Bloody battles rage on

Twelve policemen lost their lives on Saturday when two Taliban militants attacked a police station in Dera Ismail Khan. “The attackers were a husband and wife. We will keep carrying out attacks with different strategies,” Ehsanullah Ehsan, a Pakistani Taliban spokesman, told Reuters. There was a five-hour standoff between the police and the two terrorists who were dressed in burqas. During the siege, there were reports that between seven and 20 attackers were involved but as it turned out, only two Taliban militants carried out the attack. Five policemen were shot dead while seven others lost their lives when the couple blew themselves up at the end. The fact that a man wore a burqa to deceive the policemen is nothing new. Maulana Abdul Aziz of Lal Masjid (Red Mosque) fame tried to escape from the mosque in a burqa back in 2007. The Taliban are not getting innovative; they are just following in the footsteps of their fellow radicals. What is worrying though is the frequency of attacks on the security forces. Yesterday, a bomb explosion targeting a police checkpost wounded three police officers in Multan. It seems that the terrorists now have a very good idea of our security forces’ capacity. The audacious attack on PNS Mehran last month showed how a handful of terrorists can wreak havoc in an otherwise ‘secure’ military base.

Most of our police stations do not have adequate weapons to counter terrorism. We saw what happened when the Sri Lankan cricket team was attacked in Lahore two years ago. There were reports that the police did not have enough weapons to come to the rescue. The terrorists are either better equipped in some cases or the weaponry and means available to both sides is more or less equal. On the other hand, despite continuous attacks, there is no sense of urgency and it is business as usual, especially in remote isolated places. These attacks are indeed a lapse in security. Our security forces have now become, in the words of Lord Tennyson, “lotus-eaters”. Not only are we unprepared for the challenges staring us in the face but we refuse to acknowledge that the whole country is at war.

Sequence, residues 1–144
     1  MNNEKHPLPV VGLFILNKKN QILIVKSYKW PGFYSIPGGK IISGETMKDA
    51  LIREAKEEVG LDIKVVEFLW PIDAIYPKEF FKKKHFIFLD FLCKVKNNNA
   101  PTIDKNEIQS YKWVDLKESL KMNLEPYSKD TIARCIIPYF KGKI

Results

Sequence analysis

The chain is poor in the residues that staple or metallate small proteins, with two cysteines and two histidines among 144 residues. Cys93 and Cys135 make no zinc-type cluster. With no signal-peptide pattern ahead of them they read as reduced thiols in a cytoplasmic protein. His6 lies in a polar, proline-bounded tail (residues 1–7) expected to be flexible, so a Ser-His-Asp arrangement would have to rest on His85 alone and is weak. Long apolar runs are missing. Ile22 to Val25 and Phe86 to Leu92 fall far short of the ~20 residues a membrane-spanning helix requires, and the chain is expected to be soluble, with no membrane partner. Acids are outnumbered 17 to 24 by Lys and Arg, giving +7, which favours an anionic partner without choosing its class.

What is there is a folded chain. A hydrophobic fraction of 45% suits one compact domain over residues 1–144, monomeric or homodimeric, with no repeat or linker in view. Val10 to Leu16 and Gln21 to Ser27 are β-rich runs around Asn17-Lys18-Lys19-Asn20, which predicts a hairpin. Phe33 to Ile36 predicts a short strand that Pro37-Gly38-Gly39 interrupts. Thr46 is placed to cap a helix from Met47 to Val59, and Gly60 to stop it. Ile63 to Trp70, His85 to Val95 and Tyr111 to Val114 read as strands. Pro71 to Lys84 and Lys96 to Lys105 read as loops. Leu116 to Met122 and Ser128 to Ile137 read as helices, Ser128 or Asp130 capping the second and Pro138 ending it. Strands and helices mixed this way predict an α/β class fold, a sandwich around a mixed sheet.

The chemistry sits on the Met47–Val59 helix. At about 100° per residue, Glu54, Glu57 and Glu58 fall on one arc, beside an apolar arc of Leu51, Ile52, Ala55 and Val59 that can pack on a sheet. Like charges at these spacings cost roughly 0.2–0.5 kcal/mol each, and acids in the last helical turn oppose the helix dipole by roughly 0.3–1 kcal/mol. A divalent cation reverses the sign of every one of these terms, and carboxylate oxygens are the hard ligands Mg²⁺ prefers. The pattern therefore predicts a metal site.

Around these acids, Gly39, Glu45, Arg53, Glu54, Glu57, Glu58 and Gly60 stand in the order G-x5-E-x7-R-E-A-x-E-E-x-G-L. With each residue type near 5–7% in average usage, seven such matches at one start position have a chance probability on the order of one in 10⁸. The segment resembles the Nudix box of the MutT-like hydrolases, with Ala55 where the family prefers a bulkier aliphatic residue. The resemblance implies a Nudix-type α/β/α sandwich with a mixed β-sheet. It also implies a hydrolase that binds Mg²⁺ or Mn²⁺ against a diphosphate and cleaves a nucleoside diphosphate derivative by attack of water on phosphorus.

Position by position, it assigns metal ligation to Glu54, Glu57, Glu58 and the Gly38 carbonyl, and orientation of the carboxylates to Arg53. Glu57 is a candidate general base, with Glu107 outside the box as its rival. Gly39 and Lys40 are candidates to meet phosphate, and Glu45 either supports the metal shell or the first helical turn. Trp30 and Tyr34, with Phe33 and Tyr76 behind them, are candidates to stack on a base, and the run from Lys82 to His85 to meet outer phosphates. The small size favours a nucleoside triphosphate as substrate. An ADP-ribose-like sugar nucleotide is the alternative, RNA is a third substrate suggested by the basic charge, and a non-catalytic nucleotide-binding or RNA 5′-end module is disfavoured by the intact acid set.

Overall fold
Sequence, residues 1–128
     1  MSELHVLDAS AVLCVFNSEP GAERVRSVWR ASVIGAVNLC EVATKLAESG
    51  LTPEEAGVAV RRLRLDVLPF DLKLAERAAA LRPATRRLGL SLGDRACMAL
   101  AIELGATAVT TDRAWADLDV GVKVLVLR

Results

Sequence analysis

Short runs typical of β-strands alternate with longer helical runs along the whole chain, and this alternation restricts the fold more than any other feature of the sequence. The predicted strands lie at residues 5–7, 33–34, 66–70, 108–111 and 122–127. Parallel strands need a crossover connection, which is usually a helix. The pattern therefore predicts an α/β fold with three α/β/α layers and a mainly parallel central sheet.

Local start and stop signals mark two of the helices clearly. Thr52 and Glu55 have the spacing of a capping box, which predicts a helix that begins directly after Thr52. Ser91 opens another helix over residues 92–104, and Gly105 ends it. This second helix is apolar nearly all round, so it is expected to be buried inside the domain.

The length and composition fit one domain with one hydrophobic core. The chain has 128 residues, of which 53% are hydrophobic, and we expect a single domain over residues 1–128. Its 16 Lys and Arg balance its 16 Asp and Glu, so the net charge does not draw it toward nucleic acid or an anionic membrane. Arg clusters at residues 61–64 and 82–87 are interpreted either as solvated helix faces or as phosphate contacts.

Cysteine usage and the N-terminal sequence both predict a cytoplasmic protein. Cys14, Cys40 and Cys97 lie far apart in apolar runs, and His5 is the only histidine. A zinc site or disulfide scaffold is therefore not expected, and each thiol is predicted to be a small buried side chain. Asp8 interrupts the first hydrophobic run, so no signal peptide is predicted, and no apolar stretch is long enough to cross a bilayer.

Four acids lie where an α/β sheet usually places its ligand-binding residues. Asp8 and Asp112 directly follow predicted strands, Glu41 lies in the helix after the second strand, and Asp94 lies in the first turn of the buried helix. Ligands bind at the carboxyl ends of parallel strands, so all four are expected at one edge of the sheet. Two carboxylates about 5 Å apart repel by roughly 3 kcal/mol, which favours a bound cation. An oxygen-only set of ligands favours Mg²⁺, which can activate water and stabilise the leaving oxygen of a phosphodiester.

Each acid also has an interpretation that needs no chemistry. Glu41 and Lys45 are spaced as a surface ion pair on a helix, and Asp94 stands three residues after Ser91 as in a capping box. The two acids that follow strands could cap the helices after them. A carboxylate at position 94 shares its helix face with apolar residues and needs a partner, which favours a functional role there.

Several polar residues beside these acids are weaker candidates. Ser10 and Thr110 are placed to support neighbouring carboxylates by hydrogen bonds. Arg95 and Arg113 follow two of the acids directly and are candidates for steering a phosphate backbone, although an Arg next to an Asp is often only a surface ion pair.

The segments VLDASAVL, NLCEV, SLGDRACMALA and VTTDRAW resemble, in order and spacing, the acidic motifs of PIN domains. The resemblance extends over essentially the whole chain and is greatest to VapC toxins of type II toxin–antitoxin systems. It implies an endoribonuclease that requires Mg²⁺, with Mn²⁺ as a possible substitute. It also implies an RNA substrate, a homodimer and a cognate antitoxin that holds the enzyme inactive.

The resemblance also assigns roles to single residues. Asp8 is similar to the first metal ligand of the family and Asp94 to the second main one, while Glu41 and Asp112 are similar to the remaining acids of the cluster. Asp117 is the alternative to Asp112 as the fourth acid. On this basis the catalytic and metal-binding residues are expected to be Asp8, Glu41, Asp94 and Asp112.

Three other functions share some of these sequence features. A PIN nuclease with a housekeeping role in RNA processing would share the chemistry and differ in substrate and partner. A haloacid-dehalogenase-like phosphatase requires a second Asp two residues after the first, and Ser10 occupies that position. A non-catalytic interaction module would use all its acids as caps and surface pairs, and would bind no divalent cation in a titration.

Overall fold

There are some steps that we must take in order to deal with this issue. One, there must be a review and purge of the fifth columnists within the security forces. The process has already begun with the arrest of some jihad-sympathisers within the army but those who are in cahoots with the terrorists within the police forces also need to be taken to task. Two, a general alert should be raised countrywide instead of specific cities/towns. Three, the security forces must not let their guard down at any point. And last but certainly not the least, our intelligence agencies need to sharpen their intelligence-gathering methods. Timely intelligence can prevent many a disaster from taking place. For this, we need to give up our duality of policy. Most terror networks operating in Pakistan were nurtured by our state. Some of them still enjoy overt or covert support of the military establishment. Exporting jihad to other countries in the world, especially in the South Asian region, has now led to internal warfare. If the loss of 35,000 precious lives at the hands of terrorists in recent years is not enough reason for the security establishment to wake up to this grim reality, then there is no hope left for Pakistan.

(my editorial in Daily Times)


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